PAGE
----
In 2013, the European Commission ordered € 360,000 in research to demonstrate that piracy affects the sale of music, books, films and games across the European Union. But interestingly, the results of these studies have never been publicized (except for one selected section), and this is probably because their conclusions did not match the earlier thesis adopted by EU officials. The results suggest that piracy not only does not adversely affect the sale of legitimate content, but may even help in this regard.
The detailed report prepared by the Danish Ecorys organization could have completely broken down if not for a Europarlarian, Julia Reda, a representative of the German Pirate Party, who presented him on his blog as a whole. What are his conclusions? “With the exception of the recently released blockbuster, there is no evidence to support the thesis that the infringement of copyright on the Internet affects sales,” Reda wrote.
According to the report, practically only one specific category, the most hit films, is “hijacked” by piracy, because in this case 10 downloads of the illegal version of the torrents, it translates into 4 fewer people in theaters. The total revenue for a particular movie is expected to be 4.4% lower in this case due to the illegal distribution of content, read more on flickr. Interestingly, the Commission used only those results to support its 2016 thesis that piracy reduces ticket sales to cinemas, completely ignoring the rest of the report. New domains available here.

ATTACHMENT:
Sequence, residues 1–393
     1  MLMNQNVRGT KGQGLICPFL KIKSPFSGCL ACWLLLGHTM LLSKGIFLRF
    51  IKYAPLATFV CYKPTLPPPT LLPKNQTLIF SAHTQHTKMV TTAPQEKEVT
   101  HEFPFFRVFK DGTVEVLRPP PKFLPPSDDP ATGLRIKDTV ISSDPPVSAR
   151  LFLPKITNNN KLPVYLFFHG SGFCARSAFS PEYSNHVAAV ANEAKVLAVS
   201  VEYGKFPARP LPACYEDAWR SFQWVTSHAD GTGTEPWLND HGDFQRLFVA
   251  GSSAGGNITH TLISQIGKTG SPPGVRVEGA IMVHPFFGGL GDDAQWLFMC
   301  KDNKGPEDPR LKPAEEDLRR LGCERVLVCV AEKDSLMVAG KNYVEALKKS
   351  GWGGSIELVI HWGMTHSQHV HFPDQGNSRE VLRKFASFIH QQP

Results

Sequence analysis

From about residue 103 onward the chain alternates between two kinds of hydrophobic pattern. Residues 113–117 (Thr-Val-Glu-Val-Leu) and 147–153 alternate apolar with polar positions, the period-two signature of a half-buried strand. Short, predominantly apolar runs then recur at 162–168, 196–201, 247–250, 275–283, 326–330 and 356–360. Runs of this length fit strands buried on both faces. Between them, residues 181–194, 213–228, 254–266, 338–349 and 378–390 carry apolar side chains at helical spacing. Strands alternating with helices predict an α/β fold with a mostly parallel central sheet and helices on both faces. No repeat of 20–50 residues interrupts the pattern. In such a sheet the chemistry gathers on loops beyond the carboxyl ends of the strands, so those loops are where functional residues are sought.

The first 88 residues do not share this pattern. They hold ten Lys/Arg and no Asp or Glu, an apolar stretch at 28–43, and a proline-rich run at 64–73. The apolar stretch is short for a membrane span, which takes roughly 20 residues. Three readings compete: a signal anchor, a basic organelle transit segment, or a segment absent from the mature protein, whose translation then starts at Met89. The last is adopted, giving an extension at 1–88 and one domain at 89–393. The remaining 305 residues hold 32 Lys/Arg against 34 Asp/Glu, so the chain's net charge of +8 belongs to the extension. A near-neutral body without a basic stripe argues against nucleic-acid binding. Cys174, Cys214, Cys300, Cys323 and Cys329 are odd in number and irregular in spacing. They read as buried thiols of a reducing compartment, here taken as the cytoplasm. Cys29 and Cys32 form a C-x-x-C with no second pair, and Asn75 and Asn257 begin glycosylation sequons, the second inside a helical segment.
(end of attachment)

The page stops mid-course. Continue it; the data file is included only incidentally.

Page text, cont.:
As for other copyright-based industries (games, music, books), Ecorys did not find any solid statistical evidence of the negative impact of piracy through torrents for sale. Interestingly, with the conclusion of the game, it is clear that reaching for productions from illegal sources can make users decide to buy the original.
The Commission’s investigation in this case raises suspicion and quickly accuses the concealment of the report due to inconvenient conclusions. Admittedly, after Reda’s intervention, the EU decided to publish the report, but it seems that it had no other choice. Why should the EU hide these studies? Reda argues that the EU has been trying to force Internet providers to install filters for users dropping content to the Web for some time and probably counts on research to justify such actions.